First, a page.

By Adrien Begrand
What a gift Denis D’Amour has left us. When the guitarist affectionately known as “Piggy” was diagnosed with cancer, he could have easily rested on his laurels, with every reason to be immensely proud of the 20-odd years of music he created as a member of Voivod. Instead, he dove straight into his art during his final months, writing songs, arranging music with his bandmates, and recording guitar tracks in a burst of creativity that we could only wish to experience when we’re healthy. When D’Amour passed away in late 2005, we were not only left with a wealth of new Voivod material, but as it turned out, those final sessions have yielded the band’s best work since their 1988-1991 heyday. With vocalist Denis “Snake” Belanger, drummer Michel “Away” Langevin, and bassist Jason “Jasonic” Newsted recording around those posthumous guitar tracks, 2006’s Katorz was a triumph, the new material streamlined, ferocious, and bearing those inimitable, idiosyncratic D’Amour riffs that have always set Voivod’s work apart from anything else in the genre.
Ever since the release of Katorz, fans were fully aware that there was another album’s worth of guitar tracks remaining, and three years later, Infini continues right where the last album left off, albeit with a few tweaks here and there. D’Amour had worked extensively with Newsted on arranging the ten tracks that comprised Katorz, but when it came the remaining 13 songs, his surviving bandmates had considerably more work to do. Consequently, Infini actually sounds more fully fleshed out, more refined, with a menacing undercurrent palpable through the entire record, from the familiar sci-fi prog strains of “God Phones” to the undeniable Discharge influence heard on “Global Warning” and the explosive album closer “Volcano”. Newsted’s bass work is tremendous this time around, a perfect foil for D’Amour’s dissonant style and some of his most spirited work since his Flotsam and Jetsam days nearly a quarter century ago, while Langevin continues to deliver those characteristic fluid beats and fills that have become as identifiable as D’Amour’s riffs. However, Belanger’s inspired vocal performance earns top marks, revisiting an aggressive style we haven’t heard since Killing Technology, best exemplified on “From the Cave” and the lurching standout “Destroy After Reading”.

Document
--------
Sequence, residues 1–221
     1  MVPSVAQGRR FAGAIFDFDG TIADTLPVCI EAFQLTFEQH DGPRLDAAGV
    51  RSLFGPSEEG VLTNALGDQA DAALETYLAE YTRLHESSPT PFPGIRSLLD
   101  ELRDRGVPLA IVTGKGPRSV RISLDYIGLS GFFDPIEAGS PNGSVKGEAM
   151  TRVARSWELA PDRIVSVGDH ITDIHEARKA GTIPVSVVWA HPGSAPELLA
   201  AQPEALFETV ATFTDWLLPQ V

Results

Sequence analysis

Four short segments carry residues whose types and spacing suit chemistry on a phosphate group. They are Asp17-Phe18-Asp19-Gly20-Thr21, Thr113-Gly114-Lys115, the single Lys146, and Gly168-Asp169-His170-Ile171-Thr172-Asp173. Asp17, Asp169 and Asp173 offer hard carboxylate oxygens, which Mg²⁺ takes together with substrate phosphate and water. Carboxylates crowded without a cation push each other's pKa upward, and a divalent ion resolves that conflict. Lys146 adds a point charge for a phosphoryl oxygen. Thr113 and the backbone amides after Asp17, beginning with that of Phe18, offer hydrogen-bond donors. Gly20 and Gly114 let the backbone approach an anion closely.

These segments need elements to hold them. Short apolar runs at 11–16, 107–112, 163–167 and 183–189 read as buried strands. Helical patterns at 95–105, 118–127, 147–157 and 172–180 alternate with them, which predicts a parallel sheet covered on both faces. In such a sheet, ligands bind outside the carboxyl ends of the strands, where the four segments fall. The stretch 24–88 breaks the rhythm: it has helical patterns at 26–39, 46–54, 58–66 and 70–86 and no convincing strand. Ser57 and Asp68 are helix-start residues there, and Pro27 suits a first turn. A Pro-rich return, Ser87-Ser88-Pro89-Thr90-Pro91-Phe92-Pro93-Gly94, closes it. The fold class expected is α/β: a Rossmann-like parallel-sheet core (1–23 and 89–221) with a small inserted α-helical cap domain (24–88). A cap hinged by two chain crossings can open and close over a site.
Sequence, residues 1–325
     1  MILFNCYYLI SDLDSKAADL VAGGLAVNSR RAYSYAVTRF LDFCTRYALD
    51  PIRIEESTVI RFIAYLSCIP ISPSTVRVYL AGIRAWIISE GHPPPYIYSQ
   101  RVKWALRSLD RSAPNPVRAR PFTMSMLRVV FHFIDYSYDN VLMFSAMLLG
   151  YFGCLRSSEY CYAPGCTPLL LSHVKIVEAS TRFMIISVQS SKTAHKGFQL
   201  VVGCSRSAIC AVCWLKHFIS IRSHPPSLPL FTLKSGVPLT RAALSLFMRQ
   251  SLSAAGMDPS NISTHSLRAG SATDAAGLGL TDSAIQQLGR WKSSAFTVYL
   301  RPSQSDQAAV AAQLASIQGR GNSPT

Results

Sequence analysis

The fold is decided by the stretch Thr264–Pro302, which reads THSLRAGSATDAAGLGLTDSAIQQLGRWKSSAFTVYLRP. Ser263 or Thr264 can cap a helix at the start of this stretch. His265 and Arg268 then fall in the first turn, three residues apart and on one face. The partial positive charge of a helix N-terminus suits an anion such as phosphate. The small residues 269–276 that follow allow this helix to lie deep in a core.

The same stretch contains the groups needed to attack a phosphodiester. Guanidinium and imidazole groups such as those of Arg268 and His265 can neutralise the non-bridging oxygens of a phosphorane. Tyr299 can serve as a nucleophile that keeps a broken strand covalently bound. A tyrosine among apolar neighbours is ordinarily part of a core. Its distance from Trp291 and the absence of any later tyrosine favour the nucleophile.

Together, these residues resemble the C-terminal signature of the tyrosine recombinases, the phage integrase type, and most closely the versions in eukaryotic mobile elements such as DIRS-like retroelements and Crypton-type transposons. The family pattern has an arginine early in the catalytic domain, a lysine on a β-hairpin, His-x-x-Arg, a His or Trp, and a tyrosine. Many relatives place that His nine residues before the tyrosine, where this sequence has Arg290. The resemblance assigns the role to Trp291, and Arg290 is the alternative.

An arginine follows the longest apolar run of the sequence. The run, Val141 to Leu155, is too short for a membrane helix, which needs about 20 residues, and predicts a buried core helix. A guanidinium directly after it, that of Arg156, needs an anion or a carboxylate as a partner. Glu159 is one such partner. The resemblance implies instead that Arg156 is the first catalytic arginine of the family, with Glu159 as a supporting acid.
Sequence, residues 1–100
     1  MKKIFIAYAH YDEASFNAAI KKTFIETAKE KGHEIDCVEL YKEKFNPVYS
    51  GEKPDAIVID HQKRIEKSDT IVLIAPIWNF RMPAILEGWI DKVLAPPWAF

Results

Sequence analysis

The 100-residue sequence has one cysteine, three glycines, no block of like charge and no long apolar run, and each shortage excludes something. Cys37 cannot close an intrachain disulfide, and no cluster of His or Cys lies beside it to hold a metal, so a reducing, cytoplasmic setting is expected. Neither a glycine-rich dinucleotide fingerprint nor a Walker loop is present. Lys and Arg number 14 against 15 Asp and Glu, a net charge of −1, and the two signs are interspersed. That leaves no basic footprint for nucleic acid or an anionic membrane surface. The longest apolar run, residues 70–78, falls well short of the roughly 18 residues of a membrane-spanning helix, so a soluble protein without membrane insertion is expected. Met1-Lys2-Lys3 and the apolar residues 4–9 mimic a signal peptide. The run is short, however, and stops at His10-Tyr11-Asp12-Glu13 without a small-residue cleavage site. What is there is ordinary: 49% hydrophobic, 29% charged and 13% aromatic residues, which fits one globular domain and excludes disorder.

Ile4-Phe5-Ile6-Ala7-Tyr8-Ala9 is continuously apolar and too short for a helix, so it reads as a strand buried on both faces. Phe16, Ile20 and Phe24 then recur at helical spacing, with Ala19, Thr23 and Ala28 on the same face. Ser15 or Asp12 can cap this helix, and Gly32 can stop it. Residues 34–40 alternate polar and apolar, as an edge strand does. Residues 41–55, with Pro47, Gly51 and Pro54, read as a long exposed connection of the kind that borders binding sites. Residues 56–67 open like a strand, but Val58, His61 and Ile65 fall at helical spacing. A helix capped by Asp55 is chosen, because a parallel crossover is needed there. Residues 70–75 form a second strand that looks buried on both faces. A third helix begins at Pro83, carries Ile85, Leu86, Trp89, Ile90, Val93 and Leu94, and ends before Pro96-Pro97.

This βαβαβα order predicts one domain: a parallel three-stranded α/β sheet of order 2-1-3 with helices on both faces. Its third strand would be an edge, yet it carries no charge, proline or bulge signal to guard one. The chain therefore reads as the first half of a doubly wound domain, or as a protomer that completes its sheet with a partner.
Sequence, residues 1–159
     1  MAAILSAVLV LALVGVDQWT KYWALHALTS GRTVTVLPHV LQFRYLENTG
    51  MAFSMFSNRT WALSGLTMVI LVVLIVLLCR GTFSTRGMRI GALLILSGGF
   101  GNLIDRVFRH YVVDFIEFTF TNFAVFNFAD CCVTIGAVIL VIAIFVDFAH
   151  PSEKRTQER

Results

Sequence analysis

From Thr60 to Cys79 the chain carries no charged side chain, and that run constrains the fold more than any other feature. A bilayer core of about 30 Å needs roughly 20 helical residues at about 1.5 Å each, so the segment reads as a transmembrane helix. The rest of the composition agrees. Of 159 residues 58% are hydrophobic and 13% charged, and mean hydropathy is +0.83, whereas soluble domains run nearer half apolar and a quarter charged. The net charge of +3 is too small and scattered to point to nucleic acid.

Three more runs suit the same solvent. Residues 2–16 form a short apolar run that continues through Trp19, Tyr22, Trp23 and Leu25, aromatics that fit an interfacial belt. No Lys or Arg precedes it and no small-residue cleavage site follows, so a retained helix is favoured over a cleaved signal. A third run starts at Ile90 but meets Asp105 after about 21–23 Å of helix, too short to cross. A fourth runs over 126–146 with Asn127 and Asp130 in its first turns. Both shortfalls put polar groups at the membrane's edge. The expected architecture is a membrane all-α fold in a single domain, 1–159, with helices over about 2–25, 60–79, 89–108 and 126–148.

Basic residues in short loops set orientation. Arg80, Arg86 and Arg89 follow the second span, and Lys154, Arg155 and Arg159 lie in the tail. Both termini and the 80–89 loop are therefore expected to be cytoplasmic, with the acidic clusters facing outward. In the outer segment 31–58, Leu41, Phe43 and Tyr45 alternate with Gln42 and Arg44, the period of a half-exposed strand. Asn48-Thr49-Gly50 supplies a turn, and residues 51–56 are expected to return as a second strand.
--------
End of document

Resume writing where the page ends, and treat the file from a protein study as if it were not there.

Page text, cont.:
Although there are plans to continue as a live act into 2010 with Martyr guitarist Dan Mongrain taking D’Amour’s place, Voivod’s future as a studio band remains uncertain. If Infini does turn out to be the last record we do hear from these heroes of Canadian metal, though, we couldn’t have asked for a finer, classier way to go out. Voivod forever, indeed.
(Sonic Unyon [Canada] / Relapse [USA])